A deep-sea investigation of corals will accompany an upcoming expedition to search for pieces of Amelia Earhart's plane, researchers who have long been investigating the last, fateful flight taken by the legendary pilot 77 years ago announced on Tuesday.
The expedition by The International Group for Historic Aircraft Recovery (TIGHAR) is scheduled to take place in mid-September to mid-October in the waters off Nikumaroro, an uninhabited island in the southwestern Pacific republic of Kiribati, where Earhart might have died as a castaway.
In 10 archaeological expeditions to Nikumaroro, TIGHAR has uncovered a number of artifacts which, combined with archival research, provide strong circumstantial evidence for a castaway presence.
The group is testing the hypothesis that Earhart and navigator Fred Noonan made an emergency landing on the flat coral reef at the western end of Nikumaroro, some 350 miles southeast of their target destination. There, they might have survived as castaways for weeks.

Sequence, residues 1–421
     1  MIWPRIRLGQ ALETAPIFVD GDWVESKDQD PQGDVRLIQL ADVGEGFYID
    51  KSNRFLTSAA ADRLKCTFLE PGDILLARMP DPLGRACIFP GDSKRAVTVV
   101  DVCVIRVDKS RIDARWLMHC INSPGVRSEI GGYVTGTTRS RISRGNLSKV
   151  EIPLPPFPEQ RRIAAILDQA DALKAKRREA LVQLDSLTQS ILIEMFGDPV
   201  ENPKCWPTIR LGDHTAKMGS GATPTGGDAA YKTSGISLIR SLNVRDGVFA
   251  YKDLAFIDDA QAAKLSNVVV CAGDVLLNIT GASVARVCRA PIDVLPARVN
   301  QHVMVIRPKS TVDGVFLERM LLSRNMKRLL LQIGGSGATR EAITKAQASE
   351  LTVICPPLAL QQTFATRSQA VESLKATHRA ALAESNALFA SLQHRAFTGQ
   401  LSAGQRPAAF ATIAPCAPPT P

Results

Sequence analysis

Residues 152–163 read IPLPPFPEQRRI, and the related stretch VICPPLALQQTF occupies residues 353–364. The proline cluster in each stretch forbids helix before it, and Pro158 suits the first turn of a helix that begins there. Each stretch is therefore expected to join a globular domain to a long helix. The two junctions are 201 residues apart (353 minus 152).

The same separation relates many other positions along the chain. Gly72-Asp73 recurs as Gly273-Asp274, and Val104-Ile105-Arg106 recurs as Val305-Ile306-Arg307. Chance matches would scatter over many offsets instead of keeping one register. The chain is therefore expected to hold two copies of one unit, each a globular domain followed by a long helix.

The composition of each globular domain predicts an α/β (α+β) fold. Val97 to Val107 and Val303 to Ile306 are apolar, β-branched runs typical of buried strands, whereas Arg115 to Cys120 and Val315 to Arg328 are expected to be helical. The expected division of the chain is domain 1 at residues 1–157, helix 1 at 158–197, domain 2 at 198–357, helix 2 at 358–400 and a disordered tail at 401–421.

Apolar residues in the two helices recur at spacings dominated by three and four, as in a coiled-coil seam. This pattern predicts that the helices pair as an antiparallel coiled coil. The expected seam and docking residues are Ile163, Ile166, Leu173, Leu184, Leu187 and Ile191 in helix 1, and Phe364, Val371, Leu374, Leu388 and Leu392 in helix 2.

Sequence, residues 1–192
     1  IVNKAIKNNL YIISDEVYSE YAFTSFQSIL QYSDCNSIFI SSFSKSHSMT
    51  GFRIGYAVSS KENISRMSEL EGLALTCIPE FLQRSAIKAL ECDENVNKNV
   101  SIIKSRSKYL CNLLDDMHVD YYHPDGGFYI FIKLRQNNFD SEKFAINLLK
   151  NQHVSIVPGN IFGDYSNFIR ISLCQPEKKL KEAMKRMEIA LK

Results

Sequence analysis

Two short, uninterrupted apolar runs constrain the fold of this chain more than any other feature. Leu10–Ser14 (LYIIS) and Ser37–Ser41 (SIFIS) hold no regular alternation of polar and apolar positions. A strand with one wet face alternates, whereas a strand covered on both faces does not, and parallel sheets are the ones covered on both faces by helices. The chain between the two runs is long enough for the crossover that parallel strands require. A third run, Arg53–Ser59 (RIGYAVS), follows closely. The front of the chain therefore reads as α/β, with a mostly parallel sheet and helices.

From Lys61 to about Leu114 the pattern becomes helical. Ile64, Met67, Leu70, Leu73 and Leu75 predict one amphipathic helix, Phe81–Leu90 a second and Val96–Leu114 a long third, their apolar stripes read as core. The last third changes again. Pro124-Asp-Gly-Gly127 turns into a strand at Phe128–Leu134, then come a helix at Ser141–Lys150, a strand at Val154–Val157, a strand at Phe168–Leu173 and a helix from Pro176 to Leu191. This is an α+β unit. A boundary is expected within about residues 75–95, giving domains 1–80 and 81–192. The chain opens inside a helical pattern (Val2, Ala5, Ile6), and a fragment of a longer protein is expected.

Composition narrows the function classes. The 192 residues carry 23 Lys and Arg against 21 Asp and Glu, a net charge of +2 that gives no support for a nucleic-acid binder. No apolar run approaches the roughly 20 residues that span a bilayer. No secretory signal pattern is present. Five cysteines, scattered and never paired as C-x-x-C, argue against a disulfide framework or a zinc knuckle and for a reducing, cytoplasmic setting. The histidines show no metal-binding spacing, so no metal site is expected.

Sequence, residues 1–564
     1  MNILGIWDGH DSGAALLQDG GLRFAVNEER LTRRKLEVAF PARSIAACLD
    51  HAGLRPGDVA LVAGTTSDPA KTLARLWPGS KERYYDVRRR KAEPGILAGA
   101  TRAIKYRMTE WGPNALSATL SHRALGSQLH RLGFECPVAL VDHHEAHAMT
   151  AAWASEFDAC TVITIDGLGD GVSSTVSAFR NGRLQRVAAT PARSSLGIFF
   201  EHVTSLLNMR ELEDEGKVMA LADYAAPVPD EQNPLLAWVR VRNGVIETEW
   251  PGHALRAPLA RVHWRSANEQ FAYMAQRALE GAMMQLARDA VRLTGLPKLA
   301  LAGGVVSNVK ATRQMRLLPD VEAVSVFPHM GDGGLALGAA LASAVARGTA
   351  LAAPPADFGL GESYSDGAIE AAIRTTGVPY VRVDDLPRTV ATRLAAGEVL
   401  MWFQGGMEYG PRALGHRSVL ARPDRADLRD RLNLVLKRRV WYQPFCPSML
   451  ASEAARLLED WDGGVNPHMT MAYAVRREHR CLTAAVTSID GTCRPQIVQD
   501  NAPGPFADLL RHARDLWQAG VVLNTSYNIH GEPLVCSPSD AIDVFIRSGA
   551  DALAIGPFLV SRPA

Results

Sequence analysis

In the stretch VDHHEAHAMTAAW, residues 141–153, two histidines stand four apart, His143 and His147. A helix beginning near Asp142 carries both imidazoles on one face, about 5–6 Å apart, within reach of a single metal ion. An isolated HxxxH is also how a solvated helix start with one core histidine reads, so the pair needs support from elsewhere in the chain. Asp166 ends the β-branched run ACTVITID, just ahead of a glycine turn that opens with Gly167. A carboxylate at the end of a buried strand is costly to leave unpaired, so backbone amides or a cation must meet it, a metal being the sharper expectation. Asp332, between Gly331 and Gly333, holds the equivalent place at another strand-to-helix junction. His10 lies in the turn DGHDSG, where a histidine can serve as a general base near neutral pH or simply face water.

Called Niku VIII, the new expedition will rely on two Hawaii Undersea Research Laboratory (HURL) manned submersibles, Pisces IV and Pisces V, each carrying a pilot, a TIGHAR observer and an ocean scientist. The subs will search for pieces of Earhart's plane while gathering information crucial to understanding climate change.
"The scientists want to do exactly what we want to do -- see what's down there," Ric Gillespie, executive director of TIGHAR, told Discovery News.
"We're looking for airplane wreckage. They're looking to see what kinds of coral are there and what condition they're in. They also want to see what fish are living down there," he added.
According to Gillespie, the craggy underwater mountainside that may hold the wreckage of Earhart's twin-engined Lockheed Electra "also holds the answers to questions far more important than what happened to Amelia."
The atolls and waters around Nikumaroro are regarded by scientists as one of Earth's last intact oceanic coral archipelago ecosystems, with reefs representing what coral reefs might have looked like a thousand years ago.
The part of the Pacific where Earhart mysteriously vanished on July 2, 1937, during a record attempt to fly around the world at the equator, is also where El Niño events are born.